“A lot of them that are involved in commercial sex know the language we’re looking for. In other words, people in handcuffs tend to lie… They know the clues that we’re looking. But, we still a have few…little things in our bag…little tools in our bag that we identify those who are not telling the truth," he says.

But, the notion of law enforcement and social services working hand in glove with social workers has its supporters.

“We can’t do what we do without law enforcement. We can do maybe a quarter of it," says Crystal Yarborough. She lives in Mobile. Yarbrough runs a shelter for people in the sex trade along the Gulf Coast, and she knows about the distrust between social workers and the police.

Credit APR's Pat Duggins
Crystal Yarbrough at the Rose Center, a drop-in center for sex workers along the Alabama Gulf coast

“A lot of times service providers are so victim centered, that they tend to be anti-law enforcement. Sometimes law enforcement is so law enforcement that they tend to be anti-victim services," says Yarbrough.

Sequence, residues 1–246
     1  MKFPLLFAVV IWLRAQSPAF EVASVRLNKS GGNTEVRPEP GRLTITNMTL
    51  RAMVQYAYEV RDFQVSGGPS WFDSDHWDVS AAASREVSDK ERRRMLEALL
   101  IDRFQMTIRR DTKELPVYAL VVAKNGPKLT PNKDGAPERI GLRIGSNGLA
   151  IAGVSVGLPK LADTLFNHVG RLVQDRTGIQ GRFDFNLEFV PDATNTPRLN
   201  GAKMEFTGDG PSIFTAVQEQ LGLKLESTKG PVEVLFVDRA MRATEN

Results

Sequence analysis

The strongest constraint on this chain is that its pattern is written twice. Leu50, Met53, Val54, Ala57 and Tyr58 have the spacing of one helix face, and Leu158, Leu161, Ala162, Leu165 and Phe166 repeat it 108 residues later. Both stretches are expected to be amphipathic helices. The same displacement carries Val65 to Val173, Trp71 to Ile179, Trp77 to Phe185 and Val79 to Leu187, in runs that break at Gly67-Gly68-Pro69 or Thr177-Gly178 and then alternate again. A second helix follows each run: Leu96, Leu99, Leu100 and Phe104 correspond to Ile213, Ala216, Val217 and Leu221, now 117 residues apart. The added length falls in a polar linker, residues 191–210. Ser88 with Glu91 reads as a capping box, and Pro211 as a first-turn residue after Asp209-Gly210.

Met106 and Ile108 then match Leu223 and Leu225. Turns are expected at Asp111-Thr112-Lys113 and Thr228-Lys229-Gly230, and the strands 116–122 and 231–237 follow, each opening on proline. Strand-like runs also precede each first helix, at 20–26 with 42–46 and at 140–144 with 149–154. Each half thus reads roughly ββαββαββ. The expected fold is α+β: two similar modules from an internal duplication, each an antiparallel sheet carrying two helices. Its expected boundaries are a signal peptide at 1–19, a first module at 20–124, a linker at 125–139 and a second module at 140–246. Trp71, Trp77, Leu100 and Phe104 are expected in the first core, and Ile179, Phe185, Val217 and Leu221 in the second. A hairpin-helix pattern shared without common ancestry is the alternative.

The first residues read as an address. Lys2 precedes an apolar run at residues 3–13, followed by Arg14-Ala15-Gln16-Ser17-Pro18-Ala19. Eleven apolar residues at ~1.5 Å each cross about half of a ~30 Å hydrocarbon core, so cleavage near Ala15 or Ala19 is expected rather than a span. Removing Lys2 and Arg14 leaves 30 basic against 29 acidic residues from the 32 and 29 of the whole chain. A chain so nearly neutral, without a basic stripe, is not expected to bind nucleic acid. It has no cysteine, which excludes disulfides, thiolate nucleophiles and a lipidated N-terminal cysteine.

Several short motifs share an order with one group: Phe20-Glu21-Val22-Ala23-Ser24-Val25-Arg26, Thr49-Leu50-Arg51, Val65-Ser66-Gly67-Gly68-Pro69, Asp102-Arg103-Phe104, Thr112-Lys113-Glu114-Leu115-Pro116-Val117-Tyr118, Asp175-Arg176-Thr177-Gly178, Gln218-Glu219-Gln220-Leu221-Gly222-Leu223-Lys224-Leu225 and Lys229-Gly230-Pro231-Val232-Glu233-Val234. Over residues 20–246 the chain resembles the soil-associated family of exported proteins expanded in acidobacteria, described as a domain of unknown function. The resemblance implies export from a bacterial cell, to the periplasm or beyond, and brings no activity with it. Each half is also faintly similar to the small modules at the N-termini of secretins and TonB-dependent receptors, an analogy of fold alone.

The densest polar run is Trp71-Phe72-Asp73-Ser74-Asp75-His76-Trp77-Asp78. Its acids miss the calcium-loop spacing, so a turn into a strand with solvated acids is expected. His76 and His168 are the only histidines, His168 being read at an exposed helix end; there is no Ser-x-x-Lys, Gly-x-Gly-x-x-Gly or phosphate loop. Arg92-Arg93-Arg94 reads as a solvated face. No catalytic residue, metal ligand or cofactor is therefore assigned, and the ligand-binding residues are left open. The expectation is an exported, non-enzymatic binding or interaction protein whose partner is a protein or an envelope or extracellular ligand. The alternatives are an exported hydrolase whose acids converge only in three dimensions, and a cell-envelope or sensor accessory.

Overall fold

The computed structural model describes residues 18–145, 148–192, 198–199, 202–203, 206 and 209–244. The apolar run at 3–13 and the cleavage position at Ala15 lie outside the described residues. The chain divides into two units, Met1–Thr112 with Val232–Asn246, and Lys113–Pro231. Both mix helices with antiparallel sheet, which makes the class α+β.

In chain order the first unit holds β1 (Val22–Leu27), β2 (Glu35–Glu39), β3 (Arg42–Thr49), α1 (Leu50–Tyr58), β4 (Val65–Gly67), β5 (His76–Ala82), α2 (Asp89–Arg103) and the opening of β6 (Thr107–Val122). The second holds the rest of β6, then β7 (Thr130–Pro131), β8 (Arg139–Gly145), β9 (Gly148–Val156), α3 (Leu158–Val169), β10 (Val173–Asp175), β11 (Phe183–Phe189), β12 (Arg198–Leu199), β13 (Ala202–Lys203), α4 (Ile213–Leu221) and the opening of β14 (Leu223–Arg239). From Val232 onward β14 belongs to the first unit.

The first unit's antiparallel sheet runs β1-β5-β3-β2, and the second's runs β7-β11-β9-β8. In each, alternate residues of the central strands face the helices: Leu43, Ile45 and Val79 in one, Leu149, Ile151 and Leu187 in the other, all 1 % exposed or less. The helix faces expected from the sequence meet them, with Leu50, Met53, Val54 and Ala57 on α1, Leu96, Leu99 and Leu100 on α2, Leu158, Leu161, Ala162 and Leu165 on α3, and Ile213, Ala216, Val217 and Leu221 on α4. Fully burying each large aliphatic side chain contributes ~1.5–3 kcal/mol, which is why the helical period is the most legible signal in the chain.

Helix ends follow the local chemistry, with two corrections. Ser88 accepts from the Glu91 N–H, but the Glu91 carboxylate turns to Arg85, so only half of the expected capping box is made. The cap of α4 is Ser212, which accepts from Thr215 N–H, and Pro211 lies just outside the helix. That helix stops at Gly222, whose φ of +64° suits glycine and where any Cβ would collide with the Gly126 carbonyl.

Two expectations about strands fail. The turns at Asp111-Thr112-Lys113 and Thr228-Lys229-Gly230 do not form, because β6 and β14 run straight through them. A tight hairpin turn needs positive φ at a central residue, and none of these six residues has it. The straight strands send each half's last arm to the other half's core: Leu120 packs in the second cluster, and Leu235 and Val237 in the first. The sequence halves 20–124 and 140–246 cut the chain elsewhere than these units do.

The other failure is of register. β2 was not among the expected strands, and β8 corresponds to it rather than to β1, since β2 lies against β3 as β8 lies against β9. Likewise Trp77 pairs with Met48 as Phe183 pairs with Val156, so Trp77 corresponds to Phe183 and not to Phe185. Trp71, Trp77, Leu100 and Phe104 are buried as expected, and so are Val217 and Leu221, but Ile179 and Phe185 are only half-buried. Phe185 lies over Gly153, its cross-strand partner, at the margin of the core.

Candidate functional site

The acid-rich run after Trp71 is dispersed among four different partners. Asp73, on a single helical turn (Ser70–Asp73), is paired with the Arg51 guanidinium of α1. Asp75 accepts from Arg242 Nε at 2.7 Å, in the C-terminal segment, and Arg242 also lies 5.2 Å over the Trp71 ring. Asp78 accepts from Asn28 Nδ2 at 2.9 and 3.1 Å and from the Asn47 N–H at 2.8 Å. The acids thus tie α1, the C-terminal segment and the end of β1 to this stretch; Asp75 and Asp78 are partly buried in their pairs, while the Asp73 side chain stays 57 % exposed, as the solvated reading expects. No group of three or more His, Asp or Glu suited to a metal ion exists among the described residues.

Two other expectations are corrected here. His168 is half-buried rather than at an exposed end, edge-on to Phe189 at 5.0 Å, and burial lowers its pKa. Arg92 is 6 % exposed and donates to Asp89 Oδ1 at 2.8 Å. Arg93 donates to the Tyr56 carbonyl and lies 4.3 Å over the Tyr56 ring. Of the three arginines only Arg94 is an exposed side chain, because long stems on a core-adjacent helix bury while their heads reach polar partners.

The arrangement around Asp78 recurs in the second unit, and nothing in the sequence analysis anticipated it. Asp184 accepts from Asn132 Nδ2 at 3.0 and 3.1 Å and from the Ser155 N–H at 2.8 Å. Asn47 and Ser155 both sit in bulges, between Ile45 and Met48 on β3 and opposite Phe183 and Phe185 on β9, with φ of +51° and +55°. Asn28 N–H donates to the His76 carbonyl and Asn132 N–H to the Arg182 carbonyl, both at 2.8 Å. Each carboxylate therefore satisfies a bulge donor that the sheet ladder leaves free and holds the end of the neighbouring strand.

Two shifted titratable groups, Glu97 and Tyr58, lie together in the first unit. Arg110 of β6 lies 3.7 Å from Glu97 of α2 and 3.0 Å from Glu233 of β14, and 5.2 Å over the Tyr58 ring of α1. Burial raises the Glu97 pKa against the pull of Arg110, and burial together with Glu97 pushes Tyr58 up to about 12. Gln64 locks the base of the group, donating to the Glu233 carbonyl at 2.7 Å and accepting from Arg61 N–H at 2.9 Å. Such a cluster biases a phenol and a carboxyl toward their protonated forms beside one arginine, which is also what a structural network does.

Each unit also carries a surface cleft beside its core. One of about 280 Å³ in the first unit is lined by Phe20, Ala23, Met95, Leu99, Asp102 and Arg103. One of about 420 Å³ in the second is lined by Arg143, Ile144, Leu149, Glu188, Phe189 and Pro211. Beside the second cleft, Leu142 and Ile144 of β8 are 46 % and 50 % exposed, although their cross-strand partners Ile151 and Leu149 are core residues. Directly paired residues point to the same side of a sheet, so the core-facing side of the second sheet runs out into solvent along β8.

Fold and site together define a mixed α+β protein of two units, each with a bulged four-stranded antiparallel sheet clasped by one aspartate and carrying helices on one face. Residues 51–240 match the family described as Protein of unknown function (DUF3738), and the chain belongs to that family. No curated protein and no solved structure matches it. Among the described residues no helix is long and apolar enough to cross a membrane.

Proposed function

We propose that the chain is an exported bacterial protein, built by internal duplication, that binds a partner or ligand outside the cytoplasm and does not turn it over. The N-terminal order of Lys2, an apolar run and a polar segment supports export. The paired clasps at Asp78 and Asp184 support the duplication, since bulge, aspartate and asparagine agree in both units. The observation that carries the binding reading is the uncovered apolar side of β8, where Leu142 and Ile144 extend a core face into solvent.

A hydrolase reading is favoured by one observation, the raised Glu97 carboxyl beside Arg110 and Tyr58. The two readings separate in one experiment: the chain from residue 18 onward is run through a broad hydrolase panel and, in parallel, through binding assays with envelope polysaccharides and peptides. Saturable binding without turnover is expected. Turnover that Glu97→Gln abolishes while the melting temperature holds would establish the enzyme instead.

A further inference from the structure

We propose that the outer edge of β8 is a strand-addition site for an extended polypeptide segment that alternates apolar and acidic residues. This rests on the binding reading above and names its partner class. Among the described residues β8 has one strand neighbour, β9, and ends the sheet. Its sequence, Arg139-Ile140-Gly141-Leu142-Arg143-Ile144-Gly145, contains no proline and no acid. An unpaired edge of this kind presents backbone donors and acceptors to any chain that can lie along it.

She sees this world from an undercover operation of her own. Not far from downtown Mobile…we won’t say how far, is a small house in a quiet neighborhood…we won’t say which one. It’s called the Rose Center.

“We do everything a residential facility does, we just don’t house them overnight,” says Yarbrough.

That’s what a drop-in center means. Sex workers and victims of trafficking can sleep, eat, wash their clothes, and get counseling. That’s why we’re keeping the location a secret. Yarborough doesn’t want traffickers or former johns showing up. She says the first stop for new clients is by the front door. It’s a white cabinet with a padlock.

“If the girl’s carry something on them, sometimes it’s a knife, sometimes they carry a gun for protection. Most of the time they don’t bring it in with them, but we do ask them if you have it with you, we lock it up," says Yarbrough.

Yarborough is already a believer in the idea of changing mindsets among law enforcement and care givers when it comes to help victims of sex trafficking. But, not just so cops and social workers get along. Yarborough says the victims benefit, too.

Credit Pixabay

“They need to know, they’ve been really manipulated to believe that law enforcement is against them, they tend to already have this mindset. And we want to change that mindset, because we’re all a community," she says.